Irish Water Spaniel
This is the tallest of all spaniels, with adult male dogs standing at 53-58cm and females at 51-56cm. Adults weigh approximately 20-30kg. A smart, compact dog, he is strong and has an unusual-coloured curly coat that is a dark liver with a hint of purple.
- Category size: Medium
- Grooming requirements: More than once a week
- Shedding: None
- Allergies: Yes
- Noise: Not too noisy
- Dog Group Kennel Club: Gundog
- Alone: Less than 1 hour
- Other pets: Medium
- Stability as a guard: Medium
It's thought that Irish Water Spaniels arrived in Ireland with fishermen from France, Spain, Portugal and Italy. His ancestry is unknown but could well include the Poodle, Portuguese Water Dog and Barbet. He was originally used for hunting, flushing and retrieving water fowl from bogs and rivers – hence his nickname of Bogdog! The first Irish Water Spaniel dog we know of was called Boatswain, born in 1834, who belonged to a Dubliner called Justin McCarthy. All modern Irish Water Spaniels descend from this dog.
Although he's called a spaniel, he works as a retriever in field trials and is a very versatile gundog. In the home, as a companion, the Irish Water Spaniel dog is a fun and affectionate pet. Aloof with strangers until he gets to know them, he is even-tempered and confident.
As with many breeds, the Irish Water Spaniel can suffer from various hereditary eye disorders, and hip dysplasia (a condition that can lead to mobility problems). Eye testing and hip scoring of dogs prior to breeding is therefore important.
An energetic dog, the Irish Water Spaniel breed needs two hours or more of daily exercise. He loves romping about the countryside and is, of course, a 'water baby' – jumping into any pond or even large puddle if he encounters one on a walk!
Your dog's diet needs to have the right balance of all the main nutrient groups including a constant supply of fresh water. It's also important to conduct regular body condition scores to ensure you keep your dog in ideal shape and remember to feed him at least twice daily and in accordance with the feeding guidelines of his particular food.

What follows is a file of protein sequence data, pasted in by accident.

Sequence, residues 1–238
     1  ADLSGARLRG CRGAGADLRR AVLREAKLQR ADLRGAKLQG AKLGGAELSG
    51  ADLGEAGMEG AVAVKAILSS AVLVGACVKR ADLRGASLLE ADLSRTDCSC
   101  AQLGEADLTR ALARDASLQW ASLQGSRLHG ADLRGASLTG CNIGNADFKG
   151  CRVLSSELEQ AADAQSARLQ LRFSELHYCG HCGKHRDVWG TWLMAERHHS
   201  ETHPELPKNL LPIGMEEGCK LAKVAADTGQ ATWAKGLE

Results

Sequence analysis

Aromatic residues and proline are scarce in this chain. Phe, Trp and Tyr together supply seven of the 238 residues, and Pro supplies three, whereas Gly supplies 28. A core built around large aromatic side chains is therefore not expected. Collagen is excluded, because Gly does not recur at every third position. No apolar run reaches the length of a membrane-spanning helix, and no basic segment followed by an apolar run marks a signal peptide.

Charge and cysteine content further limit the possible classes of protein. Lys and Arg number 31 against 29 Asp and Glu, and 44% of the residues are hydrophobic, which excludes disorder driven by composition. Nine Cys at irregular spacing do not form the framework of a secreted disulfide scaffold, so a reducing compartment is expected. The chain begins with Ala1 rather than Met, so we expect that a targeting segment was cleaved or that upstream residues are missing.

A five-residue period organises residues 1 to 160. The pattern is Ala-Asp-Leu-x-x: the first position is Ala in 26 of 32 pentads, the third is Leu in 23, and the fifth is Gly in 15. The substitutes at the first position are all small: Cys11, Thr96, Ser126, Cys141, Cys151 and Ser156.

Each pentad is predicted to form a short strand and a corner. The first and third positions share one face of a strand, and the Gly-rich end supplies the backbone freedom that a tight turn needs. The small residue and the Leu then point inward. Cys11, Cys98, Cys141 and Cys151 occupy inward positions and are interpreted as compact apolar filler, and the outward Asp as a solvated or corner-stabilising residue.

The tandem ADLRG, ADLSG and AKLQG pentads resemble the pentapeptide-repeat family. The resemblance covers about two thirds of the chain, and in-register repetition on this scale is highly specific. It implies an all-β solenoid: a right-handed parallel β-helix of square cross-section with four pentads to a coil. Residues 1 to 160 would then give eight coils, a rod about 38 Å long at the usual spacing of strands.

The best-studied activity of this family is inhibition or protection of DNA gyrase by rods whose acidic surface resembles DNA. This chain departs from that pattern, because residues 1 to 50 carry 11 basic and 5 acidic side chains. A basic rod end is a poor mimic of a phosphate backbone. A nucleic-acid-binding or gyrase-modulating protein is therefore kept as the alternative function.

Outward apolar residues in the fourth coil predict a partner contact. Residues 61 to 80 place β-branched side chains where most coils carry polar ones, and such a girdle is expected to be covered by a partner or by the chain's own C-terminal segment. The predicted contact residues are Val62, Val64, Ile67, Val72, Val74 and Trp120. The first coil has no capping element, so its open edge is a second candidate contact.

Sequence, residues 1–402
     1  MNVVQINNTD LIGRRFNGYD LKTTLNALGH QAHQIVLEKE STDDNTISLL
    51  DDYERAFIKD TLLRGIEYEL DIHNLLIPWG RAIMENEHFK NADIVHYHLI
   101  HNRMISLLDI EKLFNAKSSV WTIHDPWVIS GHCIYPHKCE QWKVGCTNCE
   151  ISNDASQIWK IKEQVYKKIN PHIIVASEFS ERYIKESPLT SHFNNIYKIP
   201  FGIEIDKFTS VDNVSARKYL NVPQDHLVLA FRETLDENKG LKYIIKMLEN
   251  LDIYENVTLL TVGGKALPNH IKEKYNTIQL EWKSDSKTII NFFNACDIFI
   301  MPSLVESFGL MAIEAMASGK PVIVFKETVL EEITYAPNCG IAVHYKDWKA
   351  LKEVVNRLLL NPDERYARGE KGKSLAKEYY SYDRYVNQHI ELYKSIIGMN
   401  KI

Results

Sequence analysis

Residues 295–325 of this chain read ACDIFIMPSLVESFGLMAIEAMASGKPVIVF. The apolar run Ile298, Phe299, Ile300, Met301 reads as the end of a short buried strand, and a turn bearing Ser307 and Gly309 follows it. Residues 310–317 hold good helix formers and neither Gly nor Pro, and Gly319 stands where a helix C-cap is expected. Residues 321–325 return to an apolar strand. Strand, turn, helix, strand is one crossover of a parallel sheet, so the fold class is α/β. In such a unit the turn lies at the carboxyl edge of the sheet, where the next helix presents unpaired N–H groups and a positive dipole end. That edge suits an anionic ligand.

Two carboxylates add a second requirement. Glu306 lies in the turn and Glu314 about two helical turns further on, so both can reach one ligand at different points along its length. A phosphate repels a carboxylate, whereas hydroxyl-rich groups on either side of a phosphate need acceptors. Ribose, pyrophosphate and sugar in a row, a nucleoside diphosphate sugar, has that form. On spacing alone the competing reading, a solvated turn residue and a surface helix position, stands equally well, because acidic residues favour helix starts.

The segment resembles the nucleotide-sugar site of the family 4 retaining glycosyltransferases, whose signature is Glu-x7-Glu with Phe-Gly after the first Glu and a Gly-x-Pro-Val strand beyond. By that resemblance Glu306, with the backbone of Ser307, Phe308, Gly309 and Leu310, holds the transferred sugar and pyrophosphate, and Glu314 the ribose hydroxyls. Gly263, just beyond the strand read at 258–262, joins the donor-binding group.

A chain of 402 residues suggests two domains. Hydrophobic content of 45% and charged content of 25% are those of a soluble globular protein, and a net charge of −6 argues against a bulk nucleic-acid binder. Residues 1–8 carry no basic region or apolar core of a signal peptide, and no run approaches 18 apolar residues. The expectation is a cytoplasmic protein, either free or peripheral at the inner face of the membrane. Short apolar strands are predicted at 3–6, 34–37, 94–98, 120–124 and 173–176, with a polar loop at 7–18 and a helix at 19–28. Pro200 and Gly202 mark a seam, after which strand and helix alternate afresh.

The coat, which is covered in tight ringlets, is naturally oily, providing protection for his when he's swimming in cold water. Use a wide-toothed comb to groom the coat once or twice a week, and bath and trim the coat approximately every couple of months. After combing, use a spray to wet the coat to encourage the curls to reform.
Is this the right dog breed for you?
All dogs have their own, unique personality, but some instincts and behaviours they’re born with. Try our breed selector and find out which dog breeds better match your preferences and lifestyle. If you and your dog enjoy similar things, you will be more likely to live a happy, fulfilling life together.
What to Consider next
It is incredibly fulfilling to adopt a dog from an animal shelter or rescue organization. It often means offering them a second chance in life. There are many dogs waiting for a loving family, a forever home. Reputable centers will be very careful about matching the right people with the right dogs. Staff learns all they can about the dogs they take in, and will spend time getting to know you, your family and your lifestyle, before they match you with any of their dogs. They’ll also be happy to give you advice and answer any questions you might have before and after the adoption.
Finding a good breeder
If your heart is set on a pedigree puppy, then your best bet is to find a reputable breeder. Contact The Kennel Club or a breed-club secretary who may have a list of litters available, or should be able to put you in contact with breeders in your area. Try to choose a breeder who is part of the Kennel Club’s assured breeder scheme.Visit dog shows to meet breeders in person and inquire about availability of pups of your chosen breed.
Welcoming your dog home
Whether you’re bringing home a tiny puppy or rehoming an adult dog, this is a hugely exciting time for everyone. While you’re waiting for the big day you might need to distract yourself, so luckily there are a few things you need to sort out before you welcome your new arrival. Click here for more information